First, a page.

Business Insider is propoganda :confused: OK, sure
     
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  15. Ray

    Ray The Chairman Defence Professionals Moderator

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    Tell me which PW is treated with kid gloves excepting the ones who surrender during the 1971 Indo Pak War?

    In our part of the world, where we have fought wars, unlike you, and we have had our people PsW, our PsW were not treated as heroes or condemned. Becoming a PW is a part of the risk. Hanging on is a part of the training.

    See and participate in a war/ conflict and then comment. Don't merely go by hype.
     
  16. bhramos

    bhramos Elite Member Elite Member

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    Photos from the occupied Odessa. "During the period from yesterday until now passed through Odessa several columns technology, in particular 12 units of anti-aircraft missile systems S-300. One of the divisions deployed in the direction Chernomorka. Photos of today."

    [​IMG][​IMG][​IMG]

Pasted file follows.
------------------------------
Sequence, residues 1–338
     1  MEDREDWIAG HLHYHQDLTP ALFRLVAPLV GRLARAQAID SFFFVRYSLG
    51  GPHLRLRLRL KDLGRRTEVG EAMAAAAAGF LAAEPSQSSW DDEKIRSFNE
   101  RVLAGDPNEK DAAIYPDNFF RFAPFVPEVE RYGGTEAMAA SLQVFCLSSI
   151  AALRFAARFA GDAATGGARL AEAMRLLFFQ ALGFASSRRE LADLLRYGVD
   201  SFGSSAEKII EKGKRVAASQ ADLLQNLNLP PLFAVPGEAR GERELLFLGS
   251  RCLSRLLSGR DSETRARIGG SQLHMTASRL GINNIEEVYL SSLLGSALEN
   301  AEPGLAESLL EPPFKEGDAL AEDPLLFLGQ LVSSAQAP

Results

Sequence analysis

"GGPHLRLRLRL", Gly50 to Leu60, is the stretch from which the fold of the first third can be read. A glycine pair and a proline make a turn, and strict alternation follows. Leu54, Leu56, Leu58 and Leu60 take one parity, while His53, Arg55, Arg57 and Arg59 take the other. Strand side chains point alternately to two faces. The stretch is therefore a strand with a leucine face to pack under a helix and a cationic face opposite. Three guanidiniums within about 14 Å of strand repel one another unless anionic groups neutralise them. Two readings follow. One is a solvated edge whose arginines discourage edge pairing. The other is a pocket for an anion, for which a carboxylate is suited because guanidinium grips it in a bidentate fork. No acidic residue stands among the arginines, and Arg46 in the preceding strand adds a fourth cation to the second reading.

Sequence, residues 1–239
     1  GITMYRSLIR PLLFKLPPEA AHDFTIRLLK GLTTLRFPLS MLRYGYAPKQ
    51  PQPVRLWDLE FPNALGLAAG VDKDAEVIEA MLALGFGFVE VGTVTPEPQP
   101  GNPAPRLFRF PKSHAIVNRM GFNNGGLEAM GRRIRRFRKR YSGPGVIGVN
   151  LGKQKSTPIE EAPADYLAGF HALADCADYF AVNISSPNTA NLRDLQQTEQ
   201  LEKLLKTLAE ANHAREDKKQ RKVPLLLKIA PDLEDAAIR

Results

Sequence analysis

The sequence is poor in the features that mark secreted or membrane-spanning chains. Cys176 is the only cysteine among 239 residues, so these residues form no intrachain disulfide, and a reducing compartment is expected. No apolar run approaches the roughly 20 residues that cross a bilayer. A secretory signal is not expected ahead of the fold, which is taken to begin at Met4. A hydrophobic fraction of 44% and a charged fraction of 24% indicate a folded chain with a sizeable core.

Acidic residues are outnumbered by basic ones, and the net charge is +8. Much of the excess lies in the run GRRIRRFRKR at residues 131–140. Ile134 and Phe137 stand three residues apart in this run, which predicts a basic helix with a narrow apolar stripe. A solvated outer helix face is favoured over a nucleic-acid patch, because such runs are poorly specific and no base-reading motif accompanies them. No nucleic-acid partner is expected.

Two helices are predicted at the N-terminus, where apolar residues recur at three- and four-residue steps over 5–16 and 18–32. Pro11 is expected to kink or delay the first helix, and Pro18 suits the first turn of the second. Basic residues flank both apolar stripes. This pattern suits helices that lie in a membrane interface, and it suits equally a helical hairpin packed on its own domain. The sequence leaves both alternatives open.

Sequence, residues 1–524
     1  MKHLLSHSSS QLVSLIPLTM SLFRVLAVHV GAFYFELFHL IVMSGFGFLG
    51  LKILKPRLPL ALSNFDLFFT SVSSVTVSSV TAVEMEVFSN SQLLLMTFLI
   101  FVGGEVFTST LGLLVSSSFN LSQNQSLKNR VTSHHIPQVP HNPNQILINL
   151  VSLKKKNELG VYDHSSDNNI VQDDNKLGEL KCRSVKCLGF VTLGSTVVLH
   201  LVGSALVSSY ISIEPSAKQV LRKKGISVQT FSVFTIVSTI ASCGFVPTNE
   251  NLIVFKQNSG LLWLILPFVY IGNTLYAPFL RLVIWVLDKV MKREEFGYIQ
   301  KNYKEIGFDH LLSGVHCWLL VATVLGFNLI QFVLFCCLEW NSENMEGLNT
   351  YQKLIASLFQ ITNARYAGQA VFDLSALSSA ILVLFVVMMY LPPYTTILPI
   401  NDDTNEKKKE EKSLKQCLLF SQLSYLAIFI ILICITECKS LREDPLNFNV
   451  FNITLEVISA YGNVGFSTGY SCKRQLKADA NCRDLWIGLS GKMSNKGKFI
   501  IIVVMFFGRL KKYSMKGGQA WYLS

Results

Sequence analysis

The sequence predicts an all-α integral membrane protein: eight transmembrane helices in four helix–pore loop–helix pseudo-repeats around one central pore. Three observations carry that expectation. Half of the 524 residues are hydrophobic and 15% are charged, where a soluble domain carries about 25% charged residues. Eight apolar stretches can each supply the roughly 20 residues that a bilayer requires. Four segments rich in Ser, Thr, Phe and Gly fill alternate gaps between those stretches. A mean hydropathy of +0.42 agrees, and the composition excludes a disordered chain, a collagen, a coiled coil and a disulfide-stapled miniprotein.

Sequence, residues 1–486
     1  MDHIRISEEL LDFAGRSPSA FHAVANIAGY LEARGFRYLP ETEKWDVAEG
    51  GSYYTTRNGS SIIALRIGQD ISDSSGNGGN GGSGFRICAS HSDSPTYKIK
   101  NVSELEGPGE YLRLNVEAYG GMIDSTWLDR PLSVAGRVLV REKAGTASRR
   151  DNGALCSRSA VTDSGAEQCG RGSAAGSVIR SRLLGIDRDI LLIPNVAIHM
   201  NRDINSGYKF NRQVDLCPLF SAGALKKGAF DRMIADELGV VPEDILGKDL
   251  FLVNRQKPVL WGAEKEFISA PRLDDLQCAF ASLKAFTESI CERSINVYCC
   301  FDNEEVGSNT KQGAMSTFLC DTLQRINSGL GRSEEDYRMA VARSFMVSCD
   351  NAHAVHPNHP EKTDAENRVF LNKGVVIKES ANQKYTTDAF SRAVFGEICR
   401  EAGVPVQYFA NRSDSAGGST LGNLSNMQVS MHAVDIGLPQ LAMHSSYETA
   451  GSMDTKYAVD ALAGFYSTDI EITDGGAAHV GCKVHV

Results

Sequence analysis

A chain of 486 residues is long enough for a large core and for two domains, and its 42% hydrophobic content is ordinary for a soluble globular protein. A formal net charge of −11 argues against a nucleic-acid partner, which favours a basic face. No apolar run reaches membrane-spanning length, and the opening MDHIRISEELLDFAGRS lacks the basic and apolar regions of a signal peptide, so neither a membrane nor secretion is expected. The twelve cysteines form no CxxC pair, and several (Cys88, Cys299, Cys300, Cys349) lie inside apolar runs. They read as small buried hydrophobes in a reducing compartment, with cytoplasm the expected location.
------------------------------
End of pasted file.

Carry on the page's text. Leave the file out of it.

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  17. jouni

    jouni Senior Member Senior Member

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    This article is few years old. Today there is no widespread will to exit from the Euro. Of course we are pissed off that some "freetravelling scounderels" @arpakola came to Euro while we were following all the rules to the full. For Greece clearly the Eurasian Union would be the best place, there they would be with their equal minded people. Also Greece would look rich in that company!
     
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  18. sgarg

    sgarg Senior Member Senior Member

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    The article is two years old. Nothing much has changed in those two years.
    I doubt Greece affects matters in Finland. EU has printed 2 trillion Euros in 2 tranches. Most of this money went to France, Italy etc. Not much went to Greece. If you talk freeloaders, you need to look in the direction of France.
     
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  19. Akim

    Akim Defence Professionals Defence Professionals

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    I'm not going to explain, You don't believe me do you have any "truth" which was given thee by Russian TV channels. You don't believe the witnesses. You can see me on the Kulikovo field.
    [​IMG]
    It is the 27th of February, when there was no capture of the Crimea. You have a very primitive imagination. Can you not love his power, but to love their country.
     
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  20. Gabriel92

    Gabriel92 Regular Member